Find out how you can expand beyond the default URL given to each function in OpenFaaS with the new FunctionIngress CRD.

In this tutorial I’ll show you how to use the new FunctionIngress Custom Resource Definition (CRD) along with a new Kubernetes Operator to get Custom Domains for any OpenFaaS function deployed on Kubernetes.

How it works

First of all, we install the new Kubernetes Operator called “IngressOperator”. This Operator is responsible for translating CRD entries called FunctionIngress into two separate resources in the cluster: an Ingress definition and a TLS Certficate. The TLS Certificate is optional, and created by cert-manager by adding special annotations to the generated Ingress definition.

I built the IngressOperator to automate some of the tasks end-users of the project were using to deploy pretty-URLs for their static websites, APIs and functions with OpenFaaS. The first time I wrote about the Operator was in the Insiders Update for 2019-07-05.

Insiders Updates are exclusives updates containing my tutorials, projects, videos, links and industry info such as developments in Kubernetes. By Becoming an Insider 👑, you support my unpaid-OSS work and the OpenFaaS community. 🏆

Tutorial

To run through the tutorial, you will need to have some software set up already and a Kubernetes cluster with a public LoadBalancer service. If your Kubernetes services does not have a public LoadBalancer, install the IngressController using host ports.

Pre-reqs

  • Kubernetes

You need to have a Kubernetes cluster. I recommend using DigitalOcean Kubernetes for an easy and cost-efficient set-up.

Get free credits

  • helm

You’ll need helm for most of the components we are using. If you are allergic to helm’s server-side component called “tiller”, then don’t worry. You can simply use the “helm template” command to generate plain YAML files.

Install helm

  • OpenFaaS via helm

Install OpenFaaS via helm

You should also install the OpenFaaS CLI using the instructions at docs.openfaas.com

  • The IngressController

Nginx, Traefik and Zalando’s Skipper are currently supported, if you have a request for another controller, then raise an issue.

In this tutorial I’ll be using Nginx, install with the following:

helm install stable/nginx-ingress --name nginxingress --set rbac.create=true
  • cert-manager (optional)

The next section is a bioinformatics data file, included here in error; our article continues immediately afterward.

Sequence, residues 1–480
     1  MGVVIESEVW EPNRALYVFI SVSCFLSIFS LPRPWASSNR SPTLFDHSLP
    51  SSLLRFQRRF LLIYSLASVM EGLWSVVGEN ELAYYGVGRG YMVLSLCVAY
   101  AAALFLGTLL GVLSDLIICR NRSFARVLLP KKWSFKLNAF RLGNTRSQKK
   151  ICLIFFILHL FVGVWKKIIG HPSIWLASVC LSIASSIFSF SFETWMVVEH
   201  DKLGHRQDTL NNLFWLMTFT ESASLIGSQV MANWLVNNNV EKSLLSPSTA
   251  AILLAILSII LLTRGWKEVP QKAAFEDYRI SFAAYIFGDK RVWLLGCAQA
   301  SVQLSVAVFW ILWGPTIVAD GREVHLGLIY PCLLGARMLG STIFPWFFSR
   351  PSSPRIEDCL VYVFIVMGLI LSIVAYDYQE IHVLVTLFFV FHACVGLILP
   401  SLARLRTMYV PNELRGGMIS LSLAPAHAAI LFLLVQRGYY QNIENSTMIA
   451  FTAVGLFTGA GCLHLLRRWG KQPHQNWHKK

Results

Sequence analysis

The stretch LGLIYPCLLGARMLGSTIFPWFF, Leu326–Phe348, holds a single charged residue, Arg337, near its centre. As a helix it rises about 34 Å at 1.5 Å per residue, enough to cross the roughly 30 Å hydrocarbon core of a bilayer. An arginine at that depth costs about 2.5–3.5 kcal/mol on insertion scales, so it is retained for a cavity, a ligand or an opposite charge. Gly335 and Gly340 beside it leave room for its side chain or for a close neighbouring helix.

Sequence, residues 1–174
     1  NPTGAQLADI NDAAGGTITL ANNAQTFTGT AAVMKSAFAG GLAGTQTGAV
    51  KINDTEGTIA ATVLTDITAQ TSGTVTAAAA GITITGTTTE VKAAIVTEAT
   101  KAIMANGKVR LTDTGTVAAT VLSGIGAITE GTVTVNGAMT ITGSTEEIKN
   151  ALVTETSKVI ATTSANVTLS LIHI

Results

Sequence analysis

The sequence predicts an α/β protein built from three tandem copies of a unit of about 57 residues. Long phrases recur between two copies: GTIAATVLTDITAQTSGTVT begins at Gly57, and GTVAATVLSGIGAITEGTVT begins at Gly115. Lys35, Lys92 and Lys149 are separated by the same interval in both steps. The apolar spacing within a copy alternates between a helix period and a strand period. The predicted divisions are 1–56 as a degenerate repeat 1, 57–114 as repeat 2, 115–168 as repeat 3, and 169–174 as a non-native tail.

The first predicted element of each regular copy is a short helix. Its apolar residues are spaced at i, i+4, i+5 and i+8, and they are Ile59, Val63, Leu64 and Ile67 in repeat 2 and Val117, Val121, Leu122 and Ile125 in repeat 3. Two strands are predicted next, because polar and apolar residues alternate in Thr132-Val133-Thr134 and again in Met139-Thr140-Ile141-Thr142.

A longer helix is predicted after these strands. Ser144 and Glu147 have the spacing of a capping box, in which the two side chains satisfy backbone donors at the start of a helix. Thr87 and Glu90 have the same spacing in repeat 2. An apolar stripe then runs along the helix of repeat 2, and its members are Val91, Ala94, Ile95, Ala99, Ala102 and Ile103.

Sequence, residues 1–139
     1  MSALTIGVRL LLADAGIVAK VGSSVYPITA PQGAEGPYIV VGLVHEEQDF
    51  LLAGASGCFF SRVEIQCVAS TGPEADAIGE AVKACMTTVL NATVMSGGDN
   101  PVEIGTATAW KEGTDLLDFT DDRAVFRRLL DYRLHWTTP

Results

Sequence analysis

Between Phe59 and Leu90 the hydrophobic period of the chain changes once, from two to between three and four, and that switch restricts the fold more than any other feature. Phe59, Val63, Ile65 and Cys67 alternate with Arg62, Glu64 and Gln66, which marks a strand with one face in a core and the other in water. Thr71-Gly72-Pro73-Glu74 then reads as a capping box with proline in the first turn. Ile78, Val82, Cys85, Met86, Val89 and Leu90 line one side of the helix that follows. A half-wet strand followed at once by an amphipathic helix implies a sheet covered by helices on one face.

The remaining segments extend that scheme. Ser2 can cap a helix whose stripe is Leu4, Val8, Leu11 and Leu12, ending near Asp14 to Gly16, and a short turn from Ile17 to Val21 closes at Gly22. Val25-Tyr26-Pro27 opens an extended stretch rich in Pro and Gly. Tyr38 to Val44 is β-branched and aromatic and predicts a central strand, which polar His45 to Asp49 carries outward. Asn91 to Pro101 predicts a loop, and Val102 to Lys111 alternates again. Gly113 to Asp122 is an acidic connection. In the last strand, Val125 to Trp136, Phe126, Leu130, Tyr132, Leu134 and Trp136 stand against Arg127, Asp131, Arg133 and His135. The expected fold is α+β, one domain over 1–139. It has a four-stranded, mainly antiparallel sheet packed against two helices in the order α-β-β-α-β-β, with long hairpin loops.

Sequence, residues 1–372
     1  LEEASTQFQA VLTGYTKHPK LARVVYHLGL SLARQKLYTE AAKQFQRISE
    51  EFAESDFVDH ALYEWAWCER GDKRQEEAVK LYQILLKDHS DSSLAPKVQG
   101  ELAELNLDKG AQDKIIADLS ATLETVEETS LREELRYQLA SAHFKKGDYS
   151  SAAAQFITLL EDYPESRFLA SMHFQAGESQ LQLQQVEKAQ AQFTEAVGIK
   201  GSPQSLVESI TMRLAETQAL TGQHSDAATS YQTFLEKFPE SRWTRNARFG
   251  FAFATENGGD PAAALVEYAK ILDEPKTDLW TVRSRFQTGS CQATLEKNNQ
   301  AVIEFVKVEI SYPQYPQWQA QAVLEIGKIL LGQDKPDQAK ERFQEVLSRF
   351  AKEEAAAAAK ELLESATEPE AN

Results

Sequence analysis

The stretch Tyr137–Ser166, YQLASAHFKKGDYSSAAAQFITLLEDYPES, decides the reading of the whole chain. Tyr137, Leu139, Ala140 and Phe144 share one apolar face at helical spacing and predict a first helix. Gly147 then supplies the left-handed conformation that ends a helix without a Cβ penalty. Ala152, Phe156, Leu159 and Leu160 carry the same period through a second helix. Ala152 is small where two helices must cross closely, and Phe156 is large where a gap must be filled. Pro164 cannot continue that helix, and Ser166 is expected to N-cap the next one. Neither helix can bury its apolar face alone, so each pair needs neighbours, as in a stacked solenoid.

Using TLS is optional, but highly recommended and I will be setting it up today.

Follow the steps for “Install cert-manager” and “Configure cert-manager” from the OpenFaaS documentation here.

Note: You can skip the steps for creating a Certificate and Ingress entry for the gateway.

Deploy IngressOperator

We’ll now deploy the IngressOperator. You can star/fork, or read the code of the project on GitHub.

I’ll be following instructions from the OpenFaaS documentation.

git clone https://github.com/openfaas-incubator/ingress-operator
cd ingress-operator

kubectl apply -f ./artifacts/operator-crd.yaml
kubectl apply -f ./artifacts/operator-rbac.yaml
kubectl apply -f ./artifacts/operator-amd64.yaml

The above creates: the CRD definition, RBAC roles and then deploys the Operator itself.

Create a static website

We can use the Nginx static website template to create a function or microservice. Once deployed, we’ll move on to creating its custom domain name entry and then a CRD entry for it.

export OPENFAAS_PREFIX=alexellis2

faas template pull https://github.com/alexellis/static-site-template
faas new --lang static-site-nginx my-homepage --prefix ${OPENFAAS_PREFIX}

Set OPENFAAS_PREFIX with your own Docker Hub username, or private registry address and repo.

Create the homepage:

echo "<html>Hello world</html>" > ./my-homepage/index.html

The following will build a container image, push it to the remote registry and then deploy it to OpenFaaS, resulting in a static-website.

faas-cli up -f my-homepage.yml

Your traditional URL will appear on:

faas-cli describe -f my-homepage.yml my-homepage

Name:                my-homepage
Status:              Ready
Replicas:            1
Available replicas:  0
Invocations:         0
Image:               alexellis2/my-homepage:latest
Function process:    
URL:                 http://206.189.242.89:8080/function/my-homepage
Async URL:           http://206.189.242.89:8080/async-function/my-homepage
Labels:              faas_function : my-homepage

We’ll now create a DNS entry and then the custom hostname mapping and TLS certificate along with that.

Create a DNS A record for your sub-domain

My testing domain is myfaas.club and it cost me a very minimal amount of money from namecheap.com. I can create sub-domains for each function, or for any testing that I do. If you are familiar with DNS-management, then create an A record for the IP address of the LoadBalancer created by Nginx.


kubectl get svc
NAME                                         TYPE           CLUSTER-IP      EXTERNAL-IP       PORT(S)                      AGE